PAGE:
I’ve listened to New Yorkers drone on about the abysmal quality of the bagels sold beyond the five boroughs. I’ve heard the ravings of transplanted Texans about the failings of barbecue outside of the Lone Star State. And forget about asking folks from San Francisco about burritos made anywhere but the Mission.
While these opinions are well known and are now almost clichés, I’d argue the loyalty to mayonnaise brands, specifically to Duke’s Mayonnaise, runs as deep, if not deeper.
People unaware of this intense mayo devotion can dismiss the whole notion. Surely I’m exaggerating. Is it really possible for people to miss a mayonnaise the way a Bostonian misses Dunkin’ Donuts?
Oh, my, yes.
Consider this: In May of 2018, the grocery store Lidl announced on its Facebook page that it had started carrying Duke’s Mayonnaise. The company had been opening stores in Richmond, Virginia, and word on the street was that the suggestion box was jammed with notes that said something to the effect of that while this was a great store, start carrying Duke’s or get out of town.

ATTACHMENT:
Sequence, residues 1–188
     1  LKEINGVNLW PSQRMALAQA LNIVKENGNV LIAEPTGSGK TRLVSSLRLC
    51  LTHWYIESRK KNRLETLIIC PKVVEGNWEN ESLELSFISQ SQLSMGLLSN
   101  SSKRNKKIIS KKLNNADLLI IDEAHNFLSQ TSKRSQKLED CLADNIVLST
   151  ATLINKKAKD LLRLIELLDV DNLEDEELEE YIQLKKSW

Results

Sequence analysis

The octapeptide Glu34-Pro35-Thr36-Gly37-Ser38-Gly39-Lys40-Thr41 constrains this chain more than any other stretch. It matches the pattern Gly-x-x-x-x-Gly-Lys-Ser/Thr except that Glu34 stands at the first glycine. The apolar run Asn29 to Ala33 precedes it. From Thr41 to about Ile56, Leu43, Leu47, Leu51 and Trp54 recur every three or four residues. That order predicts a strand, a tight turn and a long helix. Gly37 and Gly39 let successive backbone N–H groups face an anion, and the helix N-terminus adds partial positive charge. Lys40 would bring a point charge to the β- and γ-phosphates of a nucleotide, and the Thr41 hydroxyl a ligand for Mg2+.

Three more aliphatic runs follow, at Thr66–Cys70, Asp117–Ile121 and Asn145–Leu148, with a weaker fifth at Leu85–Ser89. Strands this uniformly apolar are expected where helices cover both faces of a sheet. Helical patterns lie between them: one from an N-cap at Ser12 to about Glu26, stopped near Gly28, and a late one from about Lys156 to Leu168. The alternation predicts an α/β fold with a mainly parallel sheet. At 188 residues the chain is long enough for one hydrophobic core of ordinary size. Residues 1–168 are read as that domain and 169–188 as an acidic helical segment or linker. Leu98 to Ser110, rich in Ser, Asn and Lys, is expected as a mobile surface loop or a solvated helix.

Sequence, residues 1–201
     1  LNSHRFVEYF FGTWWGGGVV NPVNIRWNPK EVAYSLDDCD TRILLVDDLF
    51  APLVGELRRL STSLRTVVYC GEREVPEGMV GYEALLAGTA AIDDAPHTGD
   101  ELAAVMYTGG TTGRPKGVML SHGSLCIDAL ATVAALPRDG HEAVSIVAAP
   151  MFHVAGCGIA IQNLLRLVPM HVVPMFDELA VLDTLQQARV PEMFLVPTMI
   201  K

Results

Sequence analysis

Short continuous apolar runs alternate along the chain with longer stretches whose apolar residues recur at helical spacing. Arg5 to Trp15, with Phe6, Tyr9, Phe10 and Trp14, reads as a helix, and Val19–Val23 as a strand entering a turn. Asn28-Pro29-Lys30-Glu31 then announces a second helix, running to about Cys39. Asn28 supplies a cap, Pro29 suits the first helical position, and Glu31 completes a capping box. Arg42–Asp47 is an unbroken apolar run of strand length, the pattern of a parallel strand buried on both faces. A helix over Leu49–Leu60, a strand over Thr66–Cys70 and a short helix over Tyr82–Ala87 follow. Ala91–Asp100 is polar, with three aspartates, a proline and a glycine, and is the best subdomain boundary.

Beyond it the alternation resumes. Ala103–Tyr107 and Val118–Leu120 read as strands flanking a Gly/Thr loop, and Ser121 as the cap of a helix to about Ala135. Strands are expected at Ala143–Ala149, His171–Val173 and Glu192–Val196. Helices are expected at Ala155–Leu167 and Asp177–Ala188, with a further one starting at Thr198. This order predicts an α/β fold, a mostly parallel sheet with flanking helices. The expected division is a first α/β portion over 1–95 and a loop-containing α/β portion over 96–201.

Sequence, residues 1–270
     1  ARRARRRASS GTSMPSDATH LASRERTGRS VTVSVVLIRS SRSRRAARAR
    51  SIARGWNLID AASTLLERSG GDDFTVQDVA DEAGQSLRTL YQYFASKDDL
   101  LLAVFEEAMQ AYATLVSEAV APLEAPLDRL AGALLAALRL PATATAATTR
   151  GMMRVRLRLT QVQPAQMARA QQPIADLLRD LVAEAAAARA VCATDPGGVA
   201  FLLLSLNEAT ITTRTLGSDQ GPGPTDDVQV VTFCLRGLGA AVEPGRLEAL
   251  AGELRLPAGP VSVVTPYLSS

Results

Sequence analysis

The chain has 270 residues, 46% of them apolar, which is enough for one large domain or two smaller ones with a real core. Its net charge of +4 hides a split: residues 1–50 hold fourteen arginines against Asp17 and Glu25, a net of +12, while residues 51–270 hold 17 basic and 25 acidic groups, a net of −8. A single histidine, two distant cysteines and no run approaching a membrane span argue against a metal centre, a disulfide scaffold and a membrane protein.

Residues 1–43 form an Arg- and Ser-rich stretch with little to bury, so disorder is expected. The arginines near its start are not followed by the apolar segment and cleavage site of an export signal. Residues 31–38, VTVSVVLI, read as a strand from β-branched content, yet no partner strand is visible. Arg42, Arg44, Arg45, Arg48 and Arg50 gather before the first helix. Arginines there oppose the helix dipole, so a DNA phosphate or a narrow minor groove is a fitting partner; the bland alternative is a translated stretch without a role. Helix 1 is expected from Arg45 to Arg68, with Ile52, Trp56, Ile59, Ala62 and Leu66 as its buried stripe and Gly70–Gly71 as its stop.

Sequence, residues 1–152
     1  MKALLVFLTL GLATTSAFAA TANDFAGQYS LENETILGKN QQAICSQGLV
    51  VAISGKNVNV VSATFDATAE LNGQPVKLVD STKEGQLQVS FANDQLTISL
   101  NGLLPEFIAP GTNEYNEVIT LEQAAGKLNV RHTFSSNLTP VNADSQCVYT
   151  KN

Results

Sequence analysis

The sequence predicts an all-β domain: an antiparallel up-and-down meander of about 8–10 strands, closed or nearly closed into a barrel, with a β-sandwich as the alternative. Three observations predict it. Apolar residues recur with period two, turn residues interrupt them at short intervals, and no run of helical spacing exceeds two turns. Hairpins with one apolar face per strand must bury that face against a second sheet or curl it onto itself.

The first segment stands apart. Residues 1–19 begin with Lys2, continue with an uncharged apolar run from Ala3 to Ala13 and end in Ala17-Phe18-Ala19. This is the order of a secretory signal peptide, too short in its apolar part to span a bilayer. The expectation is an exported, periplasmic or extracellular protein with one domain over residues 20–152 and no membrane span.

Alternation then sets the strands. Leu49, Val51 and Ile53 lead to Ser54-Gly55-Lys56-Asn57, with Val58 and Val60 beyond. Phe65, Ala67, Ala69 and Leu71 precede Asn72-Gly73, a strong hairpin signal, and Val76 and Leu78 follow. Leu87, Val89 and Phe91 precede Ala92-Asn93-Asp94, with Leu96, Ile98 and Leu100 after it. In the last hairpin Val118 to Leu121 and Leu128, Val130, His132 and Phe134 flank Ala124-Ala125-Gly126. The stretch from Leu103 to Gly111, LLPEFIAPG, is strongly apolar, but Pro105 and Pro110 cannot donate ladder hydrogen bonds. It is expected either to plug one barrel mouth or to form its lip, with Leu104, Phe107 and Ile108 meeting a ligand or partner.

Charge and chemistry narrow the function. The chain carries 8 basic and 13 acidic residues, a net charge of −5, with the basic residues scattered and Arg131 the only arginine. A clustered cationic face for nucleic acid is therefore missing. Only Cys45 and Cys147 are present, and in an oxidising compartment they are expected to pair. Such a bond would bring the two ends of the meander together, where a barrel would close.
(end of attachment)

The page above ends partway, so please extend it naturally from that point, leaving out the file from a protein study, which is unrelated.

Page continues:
Back in April, Virginia Senator Mark Warner made an encouraging quarantine video about tuna melts in which he used a mayo other than Duke’s. His campaign’s twitter account had a poll up in no time, asking the constituency (“apropos of nothing”) if they had a favorite mayonnaise. Do you want to guess which brand won? (Warner’s office did not reply to a request for comment in regards to mayogate.)
Make no mistake, Duke’s popularity is serious business.
So, I have good news. Ashley Strickland Freeman just published The Duke’s Mayonnaise Cookbook, which features 75 recipes covering breakfast, lunch, snacks, dinner and, even, dessert, which all call for, you guessed it, mayo.
The book is alone worth reading for the bevy of chefs and writers quoted in the pages as a testament to not only Duke’s, but to the range of dishes people like to make with mayo.